from the Judgment of Sentence July 27, 2016 In the Court of
Common Pleas of Northampton County Criminal Division at
BEFORE: OLSON, SOLANO and MUSMANNO, JJ.
Franklyn Palmer Hutchison IV, appeals from the judgment of
sentence entered on July 27, 2016. We hold that the evidence
in this case was sufficient to convict Appellant of abuse of
a corpse. As we also conclude that Appellant is not entitled
to relief on his remaining claims of error, we affirm.
factual background and procedural history of this case are as
follows. Appellant and Brianne Miles ("Miles")
rented an apartment together. On July 7 or 8, 2015, Miles
died of a drug overdose in the apartment. Appellant
discovered Miles' body on July 8, 2015. Two days later,
Appellant finally called police and notified them that there
was a dead body in the apartment. When police arrived,
Appellant originally told them that he discovered Miles'
body that morning. Police found drug paraphernalia in the
February 11, 2016, the Commonwealth charged Appellant via
criminal information with abuse of a corpse,  filing a false
police report,  and possession of drug
paraphernalia. On May 24, 2016, Appellant filed a motion
in limine seeking to exclude photographs of the
corpse from being introduced into evidence. On May 31, 2016,
jury selection commenced. On June 1, 2016, the trial court
denied Appellant's motion in limine. On June 2,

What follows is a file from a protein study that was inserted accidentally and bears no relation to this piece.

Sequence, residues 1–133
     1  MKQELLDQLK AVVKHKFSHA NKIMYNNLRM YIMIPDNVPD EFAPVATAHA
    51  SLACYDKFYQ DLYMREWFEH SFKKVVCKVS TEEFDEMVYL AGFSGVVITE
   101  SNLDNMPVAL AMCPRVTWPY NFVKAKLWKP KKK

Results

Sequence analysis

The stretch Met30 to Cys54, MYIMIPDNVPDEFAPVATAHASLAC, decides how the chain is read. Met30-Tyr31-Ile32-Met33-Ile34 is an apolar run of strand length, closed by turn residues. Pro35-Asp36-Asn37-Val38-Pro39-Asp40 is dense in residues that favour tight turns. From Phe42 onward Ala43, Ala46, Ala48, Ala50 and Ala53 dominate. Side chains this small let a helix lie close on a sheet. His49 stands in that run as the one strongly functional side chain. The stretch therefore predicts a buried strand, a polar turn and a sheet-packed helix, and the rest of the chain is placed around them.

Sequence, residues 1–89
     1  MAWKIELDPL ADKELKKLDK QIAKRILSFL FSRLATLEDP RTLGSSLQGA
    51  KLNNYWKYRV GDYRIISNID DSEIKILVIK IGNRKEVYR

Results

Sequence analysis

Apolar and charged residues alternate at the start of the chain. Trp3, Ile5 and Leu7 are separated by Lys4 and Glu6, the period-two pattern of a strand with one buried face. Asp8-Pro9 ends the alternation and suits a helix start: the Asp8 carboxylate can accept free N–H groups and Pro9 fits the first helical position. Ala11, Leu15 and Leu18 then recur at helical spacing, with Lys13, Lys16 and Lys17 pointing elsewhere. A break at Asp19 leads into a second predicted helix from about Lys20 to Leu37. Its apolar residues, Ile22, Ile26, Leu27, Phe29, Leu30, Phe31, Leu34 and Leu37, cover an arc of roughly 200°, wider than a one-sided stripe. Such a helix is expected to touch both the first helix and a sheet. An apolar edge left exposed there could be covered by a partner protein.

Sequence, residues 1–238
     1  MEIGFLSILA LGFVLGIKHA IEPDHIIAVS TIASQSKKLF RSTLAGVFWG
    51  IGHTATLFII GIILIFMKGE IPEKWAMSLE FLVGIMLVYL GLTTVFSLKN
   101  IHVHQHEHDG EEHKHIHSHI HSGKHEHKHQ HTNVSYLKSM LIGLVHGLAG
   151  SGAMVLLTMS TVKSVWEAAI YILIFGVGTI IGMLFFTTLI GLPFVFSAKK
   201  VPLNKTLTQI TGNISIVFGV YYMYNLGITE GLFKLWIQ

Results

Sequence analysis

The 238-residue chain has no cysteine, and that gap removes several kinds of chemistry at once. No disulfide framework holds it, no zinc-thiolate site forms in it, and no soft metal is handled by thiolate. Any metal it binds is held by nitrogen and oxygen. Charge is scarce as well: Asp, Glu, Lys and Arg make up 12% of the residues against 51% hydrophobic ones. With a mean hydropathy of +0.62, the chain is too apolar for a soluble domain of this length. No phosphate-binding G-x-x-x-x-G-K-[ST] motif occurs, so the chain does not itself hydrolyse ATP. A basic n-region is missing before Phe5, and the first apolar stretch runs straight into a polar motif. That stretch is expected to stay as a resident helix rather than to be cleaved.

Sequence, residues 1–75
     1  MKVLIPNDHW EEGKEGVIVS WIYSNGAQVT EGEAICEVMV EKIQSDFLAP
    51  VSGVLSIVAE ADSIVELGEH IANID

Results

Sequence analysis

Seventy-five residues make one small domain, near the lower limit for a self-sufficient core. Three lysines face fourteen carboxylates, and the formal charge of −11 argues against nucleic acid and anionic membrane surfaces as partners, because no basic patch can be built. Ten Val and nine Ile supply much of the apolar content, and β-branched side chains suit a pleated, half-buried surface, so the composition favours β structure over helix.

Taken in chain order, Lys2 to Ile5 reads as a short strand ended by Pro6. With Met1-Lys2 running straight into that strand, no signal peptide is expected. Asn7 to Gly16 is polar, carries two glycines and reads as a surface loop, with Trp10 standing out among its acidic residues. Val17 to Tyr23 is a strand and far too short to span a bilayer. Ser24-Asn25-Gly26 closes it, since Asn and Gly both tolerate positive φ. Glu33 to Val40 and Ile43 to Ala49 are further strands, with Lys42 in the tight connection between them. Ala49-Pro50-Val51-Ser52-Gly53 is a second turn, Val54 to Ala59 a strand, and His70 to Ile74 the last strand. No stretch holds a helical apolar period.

2016, the jury found Appellant guilty of all three offenses.
On July 27, 2016, the trial court sentenced Appellant to two
to four years' imprisonment. This timely appeal
Appellant presents four issues for our review:
1. Did the trial court commit reversible error by refusing to
dismiss the charge of abuse of corpse where the evidence
established that  Appellant failed to promptly report
[Miles'] death to authorities but otherwise did not cause
her demise or manipulate her remains?
2. Did the trial court commit reversible error by permitting
the Commonwealth to appeal to the sympathy of the jury by
means of the prosecutor's argument to the jury that it
should "imagine" what it felt like to be
[Miles'] family members upon discovering the death of
[Miles] and the decomposed state of her remains?
3. Did the trial court commit reversible error by permitting
the Commonwealth to introduce graphic, color photographs of
[Miles'] decomposed remains to the jury that were so
disproportionally inflammatory in comparison to their
evidentiary value so as to prejudice the Appellant and
deprive him of a fair trial?
4. Did the trial court commit reversible error by failing to
set forth sufficient reasons upon the record for imposing
consecutive, statutory maximum sentences upon [Appellant?]
Appellant's Brief at 7 (certain capitalization omitted).
first issue, Appellant argues that the evidence was
insufficient to convict him of abuse of a corpse.
"Whether sufficient evidence exists to support the
verdict is a question of law; our standard of review is
de novo and our scope of review is plenary."
Commonwealth v. Giron, 155 A.3d 635, 638 (Pa. Super.
2017) (citation omitted). In assessing Appellant's
sufficiency challenge, we must determine "whether
viewing all the evidence admitted at trial in the light most
favorable to the [Commonwealth], there is sufficient evidence
to enable the fact-finder to find every element of the crime